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What to Put on the Bottom of Raised Garden Beds – 9 Best Options

chili and herbs on a raised garden bed

If you want maximum control over your garden, you need to use raised garden beds. Raised garden beds allow you to control the soil environment completely, all while mitigating the spread of weeds.

For raised garden beds to be effective, you have to put a barrier underneath. This barrier separates the soil of the natural ground from the soil in your garden bed. Some of the most popular materials include landscape fabric, burlap, and leaves, but there are other options as well.

You will want to consider the pros and cons of each material before making your choice. This article goes over the top options, as well as their benefits and drawbacks.

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The 9 Options to Put on the Bottom of Raised Garden Beds

1. Landscape Fabric

  • Decomposition Time: 10 years
  • Price: $$$

Hands down, the best material to put under your raised garden bed is landscape fabric. Landscape fabric is specifically designed for this purpose. It can last for 10 years before needing to be replaced, but it still offers a permeable surface that provides good drainage and prevents weeds from popping up.

The only downside of using landscape fabric is that it is the most expensive of the options on our roundup. You can shop around for different prices, but all of them will be more expensive than most of the other options we cover. At least you won’t have to redo the landscape fabric for about a decade.

Pros
  • Lasts for about 10 years
  • Permeable
  • Prevents weeds from popping up
  • Easy to use
Cons
  • Expensive

2. Burlap

Burlap
Image Credit: Pixabay
  • Decomposition Time: 5 years
  • Price: $$

If you like the landscape fabric idea but cannot afford it, try burlap instead. Burlap has a similar structure to landscape fabric, but it is a lot more affordable. It is eco-friendly and takes years to decompose.

It can be difficult to use burlap in a way where it looks good. Because burlap is prone to fraying, it can easily begin to unravel, which will speed up its decomposition process. Still, it should last for several years.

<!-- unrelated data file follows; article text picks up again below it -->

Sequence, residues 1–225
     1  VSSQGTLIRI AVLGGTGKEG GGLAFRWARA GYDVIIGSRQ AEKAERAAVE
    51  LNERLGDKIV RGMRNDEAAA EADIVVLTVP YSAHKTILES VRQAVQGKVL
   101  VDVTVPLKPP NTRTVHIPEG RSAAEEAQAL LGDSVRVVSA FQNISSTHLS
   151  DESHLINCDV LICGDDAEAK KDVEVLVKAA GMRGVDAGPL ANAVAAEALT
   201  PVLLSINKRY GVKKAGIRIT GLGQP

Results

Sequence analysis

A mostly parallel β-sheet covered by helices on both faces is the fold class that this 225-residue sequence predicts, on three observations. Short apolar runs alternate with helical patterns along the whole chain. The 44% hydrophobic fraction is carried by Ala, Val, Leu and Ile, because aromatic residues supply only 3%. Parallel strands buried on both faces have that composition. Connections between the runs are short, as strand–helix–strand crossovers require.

Pros
  • Affordable
  • Similar to landscape fabric
  • Lasts many years
  • Eco-friendly
Cons
  • Frays

3. Leaves

Raking Leaves
Featured Image Credit: Pxfuel
  • Decomposition Time: 6–12 months
  • Price: $

Leaves are a natural way to create a barrier at the bottom of your raised garden bed. Although they are not a long-term solution, leaves will prevent weeds from getting into your garden bed for about 6–12 months.

The downside of using leaves is that they will decompose within a 6–12 month time frame. This means that you will have to add another barrier once or twice every year since the leaves will break up and no longer create a barrier.

Although it is annoying that you will have to redo the raised garden bed bottom, the decomposition of the leaves will add to the soil and further make your garden healthier. This may be reason enough to select leaves.

Pros
  • Natural
  • Affordable
  • Decomposition nourishes soil
Cons
  • Decomposes quickly

4. Wood

Eucalyptus wood
Image Credit: Juhele, Pixabay
  • Decomposition Time: 2 years
  • Price: $–$$$

Just about any form of wood can be used as a barrier to your raised garden bed. You can select tree branches, logs, or mulch. Wood typically takes years before decomposing and it does a good job of allowing drainage and discouraging weeds from growing.

Unfortunately, wood can be a bit expensive, and you can potentially release toxins into your garden. Any wood that has been treated runs this risk. So, you will specifically have to purchase untreated wood, which can get pricey.

Pros
  • Potentially affordable
  • Lasts many years
  • Natural
  • Decomposition nourishes soil
Cons
  • Can get expensive
  • May produce toxins

5. Stones

Stones
Image Credit: Pixabay
  • Decomposition Time: Never
  • Price: $$–$$$

If you want an option that does not decompose, you can select stones. As you would expect, the stones will remain at the bottom of the garden bed until you remove them. It will take a lot of time to thoroughly cover the bottom of your raised bed, especially if you do it correctly.

Although not having to redo the raised garden bed bottom is nice, stones are not without their fault. Stones do not offer the best drainage, and weeds can still come up through any large gaps. You will have to be diligent in laying the stones to make sure weeds don’t pop up.

Pros
  • Don’t decompose
Cons
  • Can get expensive
  • Doesn’t offer the best drainage
  • Doesn’t protect against weeds

6. Newspaper

Newspaper
Image Credit: Pixabay